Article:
Though, the difficulty must rise with each 'generation' as the evil becomes stronger.

    I'll keep reading your posts, but I'm at work (yeah, stinking day jobs REALLY get in the way of development! Not to mention families! Sheesh. How indie developers are supposed to get ANYTHING done with jobs and families is beyond me - hah hah hah).

    LordGek and kennfusion - Nice additional points. I'm going to have a whole book of notes from just a few posts! The pressure to continually move forward is a very good one, as well as inventory/items.
    LordGek - I think you're 100% right about warping home and then back to level 95 or whatever. Something would need to be done though, if I were to include "generational continuation". Suggestions on getting "home warp avoidance" and "generational continuation" working together would be awesome. I had previously thought of porters or something else to send a few items home. But really have only scratched the surface on the idea.

    Edit: I'm thinking this would be an RPG with roguelike dungeons. Thus, an explorable overland map would probably be in order - which also means multiple dungeons - of varying difficulty.

    Keep 'em coming!
     
  10. LordGek

    LordGek Moderator
    Staff Member

    Feb 19, 2009
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    Software QA Engineer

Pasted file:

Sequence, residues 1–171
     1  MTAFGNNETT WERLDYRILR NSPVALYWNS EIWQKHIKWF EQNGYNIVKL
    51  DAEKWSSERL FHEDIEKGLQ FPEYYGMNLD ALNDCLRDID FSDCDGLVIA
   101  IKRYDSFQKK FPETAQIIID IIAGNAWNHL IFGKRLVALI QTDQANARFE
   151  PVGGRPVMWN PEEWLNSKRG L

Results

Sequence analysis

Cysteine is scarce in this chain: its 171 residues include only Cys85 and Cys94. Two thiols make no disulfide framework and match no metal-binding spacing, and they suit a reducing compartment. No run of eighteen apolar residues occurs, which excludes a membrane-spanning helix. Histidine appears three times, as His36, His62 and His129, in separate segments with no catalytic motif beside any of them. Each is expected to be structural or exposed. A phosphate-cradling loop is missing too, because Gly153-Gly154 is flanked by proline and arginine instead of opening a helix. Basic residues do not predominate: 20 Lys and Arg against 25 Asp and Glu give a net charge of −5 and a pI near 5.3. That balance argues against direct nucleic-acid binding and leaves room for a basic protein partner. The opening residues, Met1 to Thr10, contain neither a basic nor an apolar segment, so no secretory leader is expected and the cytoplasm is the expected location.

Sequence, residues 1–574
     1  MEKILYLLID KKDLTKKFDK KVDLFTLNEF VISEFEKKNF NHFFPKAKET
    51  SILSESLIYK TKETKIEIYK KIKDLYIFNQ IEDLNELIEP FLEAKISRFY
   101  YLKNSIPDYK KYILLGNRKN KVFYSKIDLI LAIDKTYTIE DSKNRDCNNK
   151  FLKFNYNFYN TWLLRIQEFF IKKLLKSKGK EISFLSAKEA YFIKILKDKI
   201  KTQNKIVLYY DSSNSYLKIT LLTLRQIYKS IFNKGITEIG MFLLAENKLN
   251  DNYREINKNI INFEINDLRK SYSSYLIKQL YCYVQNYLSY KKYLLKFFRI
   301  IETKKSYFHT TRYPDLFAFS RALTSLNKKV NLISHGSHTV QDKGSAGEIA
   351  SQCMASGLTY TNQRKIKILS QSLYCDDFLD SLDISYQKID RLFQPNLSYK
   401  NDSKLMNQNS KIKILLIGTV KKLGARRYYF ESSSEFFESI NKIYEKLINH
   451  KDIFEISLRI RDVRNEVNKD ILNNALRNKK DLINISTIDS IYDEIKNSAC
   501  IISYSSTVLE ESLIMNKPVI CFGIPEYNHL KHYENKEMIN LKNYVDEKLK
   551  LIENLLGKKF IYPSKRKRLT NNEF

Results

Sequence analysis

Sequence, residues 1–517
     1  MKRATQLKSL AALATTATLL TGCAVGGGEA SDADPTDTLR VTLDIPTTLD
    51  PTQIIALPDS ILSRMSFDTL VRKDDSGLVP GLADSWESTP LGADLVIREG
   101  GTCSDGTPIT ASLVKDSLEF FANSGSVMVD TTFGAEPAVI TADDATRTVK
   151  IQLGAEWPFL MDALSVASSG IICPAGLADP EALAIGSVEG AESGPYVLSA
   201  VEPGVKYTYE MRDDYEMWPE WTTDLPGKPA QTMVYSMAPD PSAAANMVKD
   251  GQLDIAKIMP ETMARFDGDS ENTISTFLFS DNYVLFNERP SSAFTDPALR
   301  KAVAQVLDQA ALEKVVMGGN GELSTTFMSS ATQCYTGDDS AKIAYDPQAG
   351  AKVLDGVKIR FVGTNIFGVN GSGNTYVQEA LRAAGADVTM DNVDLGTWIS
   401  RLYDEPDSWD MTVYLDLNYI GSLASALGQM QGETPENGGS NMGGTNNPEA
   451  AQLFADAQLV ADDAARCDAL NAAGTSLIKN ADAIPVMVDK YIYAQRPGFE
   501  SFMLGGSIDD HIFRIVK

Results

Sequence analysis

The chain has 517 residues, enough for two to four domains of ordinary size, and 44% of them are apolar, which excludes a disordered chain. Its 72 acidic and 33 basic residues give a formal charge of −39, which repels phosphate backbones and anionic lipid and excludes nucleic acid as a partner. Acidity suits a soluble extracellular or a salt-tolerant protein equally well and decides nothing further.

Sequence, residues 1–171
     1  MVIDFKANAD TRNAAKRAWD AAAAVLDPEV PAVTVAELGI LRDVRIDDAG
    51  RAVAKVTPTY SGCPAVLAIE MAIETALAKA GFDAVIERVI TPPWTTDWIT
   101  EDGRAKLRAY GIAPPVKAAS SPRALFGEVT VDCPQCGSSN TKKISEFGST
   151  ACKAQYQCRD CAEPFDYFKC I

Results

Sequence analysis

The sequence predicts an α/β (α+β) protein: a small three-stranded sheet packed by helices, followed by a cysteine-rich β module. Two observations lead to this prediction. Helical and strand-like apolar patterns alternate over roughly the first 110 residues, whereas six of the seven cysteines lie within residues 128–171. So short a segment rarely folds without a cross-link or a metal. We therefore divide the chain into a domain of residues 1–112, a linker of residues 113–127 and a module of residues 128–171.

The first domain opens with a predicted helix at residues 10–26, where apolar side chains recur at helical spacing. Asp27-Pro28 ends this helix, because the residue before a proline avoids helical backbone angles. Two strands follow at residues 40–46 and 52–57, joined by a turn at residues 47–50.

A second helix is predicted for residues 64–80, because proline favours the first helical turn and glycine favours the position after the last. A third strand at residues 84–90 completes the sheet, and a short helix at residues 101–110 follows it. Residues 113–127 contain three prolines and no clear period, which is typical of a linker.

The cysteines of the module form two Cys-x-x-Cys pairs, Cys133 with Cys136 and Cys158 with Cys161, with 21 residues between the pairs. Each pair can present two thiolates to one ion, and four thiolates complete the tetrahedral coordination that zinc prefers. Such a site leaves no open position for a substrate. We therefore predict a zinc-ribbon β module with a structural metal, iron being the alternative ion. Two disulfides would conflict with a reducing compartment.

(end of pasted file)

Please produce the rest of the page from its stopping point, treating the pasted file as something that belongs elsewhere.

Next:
Saratoga, CA, USA
    If continuing a game with next generation offspring, I think it is fair by THAT POINT to restock the dungeons. ;)

    Perhaps throughout the dungeon there can be "Hidey Holes" which either leave the item right there for the next generation to find or some might even allow you to send the items back up top via Stem Punk Pneumatic Tubes:

    [​IMG]
     
  11. kennfusion

    kennfusion Well-Known Member

    Dec 2, 2008
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    Brooklyn, New York
    If I could make iphone games, I would make a Rogue/Roadwar 2000 hybrid game.

    So since you have not yet made a game, I believe that one of the requirements you should follow would be to make a Rogye/Roadwar 2000 hybrid game. :)
     
  12. BohemianCoast

    BohemianCoast Well-Known Member

    Dec 27, 2009
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    Lots of complexity to ferret out.

    Your main character should be an @ sign. Maybe.

    Turn based or at least not timebounded, but Spelunky is fantastic and is an action roguelike.